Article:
West Dunbartonshire is top UK unemployment blackspot
More than 40 people on Jobseeker’s Allowance are chasing every vacancy in the area.
Parts of the west of Scotland have been named as the UK's worst unemployment blackspots.
West Dunbartonshire and East Ayrshire have overtaken the inner boroughs of London as the hardest places to find a job, according to a new study by the TUC. More than 40 Jobseeker’s Allowance claimants are chasing every vacancy in West Dunbartonshire, while in East Ayrshire the figure is 33.
The picture was similarly bleak in South Lanarkshire and Midlothian, where the number of claimants to every job vacancy has risen sharply over the past six years.
According to the study, the UK average is six claimants for every job. The TUC analysis, published ahead of the latest unemployment figures this week, looks at the proportion of Jobseeker's Allowance (JSA) claimants to Jobcentre Plus vacancies in every local authority from March 2005 to March this year.
This analysis ranks each of the 206 local authority areas by its claimants-to-vacancies ratio. In March 2005 the London borough of Newham was ranked the worst employment blackspot in Britain with nearly 15 jobless applicants for every vacancy.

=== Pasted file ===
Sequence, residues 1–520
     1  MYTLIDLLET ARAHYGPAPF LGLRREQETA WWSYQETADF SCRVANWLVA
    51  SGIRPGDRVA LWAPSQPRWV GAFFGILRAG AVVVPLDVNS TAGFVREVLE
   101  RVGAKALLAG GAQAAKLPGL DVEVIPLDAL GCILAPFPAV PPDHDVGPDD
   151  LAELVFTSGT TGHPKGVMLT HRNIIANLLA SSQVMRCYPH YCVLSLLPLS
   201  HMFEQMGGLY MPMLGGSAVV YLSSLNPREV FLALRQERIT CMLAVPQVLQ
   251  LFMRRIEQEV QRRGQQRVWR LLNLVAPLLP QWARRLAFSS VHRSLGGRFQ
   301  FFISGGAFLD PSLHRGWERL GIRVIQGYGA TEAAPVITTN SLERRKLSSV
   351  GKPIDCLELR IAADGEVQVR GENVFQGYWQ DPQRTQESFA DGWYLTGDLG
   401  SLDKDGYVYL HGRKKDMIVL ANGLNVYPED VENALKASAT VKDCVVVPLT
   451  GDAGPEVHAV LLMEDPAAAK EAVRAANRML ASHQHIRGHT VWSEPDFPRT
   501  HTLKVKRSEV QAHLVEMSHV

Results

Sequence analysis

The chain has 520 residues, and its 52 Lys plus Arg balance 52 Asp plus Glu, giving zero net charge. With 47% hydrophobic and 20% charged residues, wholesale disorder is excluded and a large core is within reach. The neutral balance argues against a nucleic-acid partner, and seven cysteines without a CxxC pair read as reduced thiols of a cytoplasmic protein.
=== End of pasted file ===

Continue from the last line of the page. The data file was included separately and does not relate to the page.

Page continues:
Across Britain, the number of dole claimants per vacancy has quadrupled from 1.5 in 2005 to six this year. Meanwhile, Moray in the Highlands has had the most positive labour market change, moving from a ranking of 26th in 2005 to 98th in 2011.
TUC General Secretary Brendan Barber said: "People living in inner London boroughs have had tough job prospects for many years but since the recession new employment blackspots have emerged.
"There is a stark jobs divide across the country with parts of Scotland and the Tees Valley experiencing a far sharper downturn than parts of the South-East.
"We are still in the midst of a jobs crisis. Dozens of towns and cities have more than ten dole claimants chasing every vacancy and areas on their doorstep are not faring much better. It's not good enough for ministers to brand those out of work as feckless and claim that there are plenty of jobs out there. The reality is very different."
Gemma Doyle, Labour MP for West Dunbartonshire, said: "This is shocking news and confirms the Government is cutting too hard and too fast."
SNP Finance Secretary John Swinney added: "Continuing our efforts to tackle unemployment and to grow our economy will be a key priority of the re-elected SNP Government as we support training opportunities with 25,000 apprenticeships a year, back Scotland's small businesses to create employment with the small business bonus and work to re-industrialise Scotland creating new jobs in our low carbon industries."
A Department for Work and Pensions spokesman stated: "Our new Work Programme, which comes on stream next month, will give people personalised support and training to help them into work, whatever barriers they face."